Enter Igor Shestyorkin. The 22-year-old Russian has been building a wall in front of the SKA nets for the last few seasons. Through seven games this year, the 2014 fourth round pick is undefeated. He’s posted four shutouts in the last five games and is sporting a 0.972 save percentage and 0.71 goals-against average. No, you didn't read that wrong. In 101 KHL games, he owns a career record of 66-16-15 with a 0.932 save percentage and 1.80 goals-against average. Those metrics are mind-boggling.

As for his ticket to Broadway, Shesty will conclude his KHL contract this spring. It’s expected that he’ll cross the pond and begin his North American career as the starter in Hartford in 2019-20, or in an immediate platoon role on the big squad. He could be the man as early as 2020-21, when Lundqvist is in the final year of his deal. That plan can be thrown out the window if Lundqvist gets hurt, traded, or if the transition doesn’t go as smoothly for Shesty. But, this is the kid whom I consider neck and neck with Ilya Samsonov as the best goaltender outside of the NHL. I like his chances to be an elite fantasy asset. (oct13)

 

9. I have this theory that unless you own Artemi Panarin in a league, you undoubtedly undervalue him. It seems like this guy is the Rodney Dangerfield of hockey. A mid-20s star who has made it his business to click at or near a point-per-game since the moment he entered the NHL.

This season has been no different, he sits at seven points in five games. Since the start of the 2015-16 season, when Panarin was a rookie, there are only six players who have amassed more than his 239 points. Their names are Patrick Kane, Sidney Crosby, Connor McDavid, Nikita Kucherov, Blake Wheeler and Jamie Benn.

The soon-to-be unrestricted free agent is a juicy fruit just ripe for the taking in keeper leagues as managers concern themselves with a potential move. He’s likely to be had for less than his production should command. Now go out and make an offer. (oct13)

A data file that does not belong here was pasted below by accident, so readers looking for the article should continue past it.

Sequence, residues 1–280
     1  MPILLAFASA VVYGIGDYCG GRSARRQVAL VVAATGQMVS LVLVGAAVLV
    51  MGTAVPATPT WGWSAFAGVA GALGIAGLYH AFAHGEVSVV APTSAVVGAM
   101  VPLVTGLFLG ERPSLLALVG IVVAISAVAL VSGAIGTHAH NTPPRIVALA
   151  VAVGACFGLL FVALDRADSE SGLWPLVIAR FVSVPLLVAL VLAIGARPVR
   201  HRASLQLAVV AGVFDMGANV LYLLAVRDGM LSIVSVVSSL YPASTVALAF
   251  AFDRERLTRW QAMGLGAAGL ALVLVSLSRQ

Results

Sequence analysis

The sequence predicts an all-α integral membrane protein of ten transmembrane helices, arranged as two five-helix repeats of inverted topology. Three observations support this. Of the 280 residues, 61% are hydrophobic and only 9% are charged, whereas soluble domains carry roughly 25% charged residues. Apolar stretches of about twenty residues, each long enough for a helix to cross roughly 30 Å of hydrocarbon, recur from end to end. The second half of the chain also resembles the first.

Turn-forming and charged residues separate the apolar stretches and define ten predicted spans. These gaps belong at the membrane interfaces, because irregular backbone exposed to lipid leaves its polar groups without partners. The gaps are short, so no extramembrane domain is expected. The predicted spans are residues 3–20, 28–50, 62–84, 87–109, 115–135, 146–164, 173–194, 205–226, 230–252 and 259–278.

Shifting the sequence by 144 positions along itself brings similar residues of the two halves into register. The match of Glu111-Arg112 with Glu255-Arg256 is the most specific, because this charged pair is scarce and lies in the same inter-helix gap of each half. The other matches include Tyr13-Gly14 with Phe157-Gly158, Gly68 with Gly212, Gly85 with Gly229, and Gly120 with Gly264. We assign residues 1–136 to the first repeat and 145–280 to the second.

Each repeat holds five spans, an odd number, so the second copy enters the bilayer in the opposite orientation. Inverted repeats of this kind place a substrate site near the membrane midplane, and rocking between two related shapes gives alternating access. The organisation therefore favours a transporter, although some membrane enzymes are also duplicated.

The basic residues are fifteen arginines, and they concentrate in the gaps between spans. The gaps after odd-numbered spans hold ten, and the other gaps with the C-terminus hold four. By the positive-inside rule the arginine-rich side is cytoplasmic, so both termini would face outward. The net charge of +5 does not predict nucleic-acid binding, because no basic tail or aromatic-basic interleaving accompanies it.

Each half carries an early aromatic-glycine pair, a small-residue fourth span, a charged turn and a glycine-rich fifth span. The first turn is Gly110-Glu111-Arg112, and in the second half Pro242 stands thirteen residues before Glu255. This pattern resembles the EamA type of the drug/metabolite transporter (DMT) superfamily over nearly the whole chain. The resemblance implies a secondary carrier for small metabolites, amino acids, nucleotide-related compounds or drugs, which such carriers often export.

10. Jack Hughes, the consensus first overall pick this June and his USNTDP U18 mates took on older brother Quinn Hughes and the University of Michigan on Friday. The result was a 6-3 victory for the U18's with Jack leading the charge with a goal and two helpers. His speed is breathtaking to watch. Reminiscent of Nathan MacKinnon in his Halifax days. But, if I were to compare the younger Hughes to an NHLer, it would be Patrick Kane. He's undersized but packs the biggest of skill punches. Load up on those lottery picks for next year's rookie drafts. Hughes is going to be worth it. (oct13)

 

11. Pavel Buchnevich or Kevin Labanc, points-only? That question was taken from here, on our DobberSports Forum. To me, this isn’t close. In my preseason projections, I had Buchnevich at 55.0 points even and Labanc at 45.6 points. There has been nothing so far this season that makes me think Labanc can increase his scoring by 25 percent to become the better option.

Yes, Labanc is off to a great start with five points in five games. He’s also still playing roughly as many minutes as he did last year and unless San Jose sustains four or five more key injuries, he won’t come anywhere close to the top PP unit.

Buchnevich, on the other hand, is earning about a minute more per game so far this season compared to 2017-18 and will be on the top PP unit. There is a disparity in the quality of the teams but that top line for the Rangers is still very good. As long as Buchnevich remains in his current role, he’s the superior points-only option. (oct11)

 

12. The Lightning scored a touchdown with a two-point convert on the Blue Jackets on Saturday. Brayden Point led the charge, scoring two goals and adding an assist skating on a line with Steven Stamkos and Yanni Gourde. With an eight-goal outburst from his team, coach Jon Cooper might decide to let that line stick for a while. That would benefit Gourde the most, who scored a goal and added an assist in this game. It’s difficult to make out what kind of scorer Gourde will be after his surprise 64-point campaign last season, but his chances of success improve if he’s skating alongside truly talented offensive drivers like Stamkos and Point. (oct14)

 

13. Micheal Ferland continues to hang around the Sebastian Aho / Teuvo Teravainen line, and he continues to record points. Ferland now has five points over his last four games. I’ll admit that I had no interest in Ferland in fantasy drafts after he was moved off the Johnny Gaudreau / Sean Monahan line in Calgary to being buried on the Canes. Yet, the hard-hitting winger is proving he can be productive when he is deployed on a team’s top line. Go ahead and add him, but continue to check Frozen Tools to ensure he is still on the top unit. (oct10)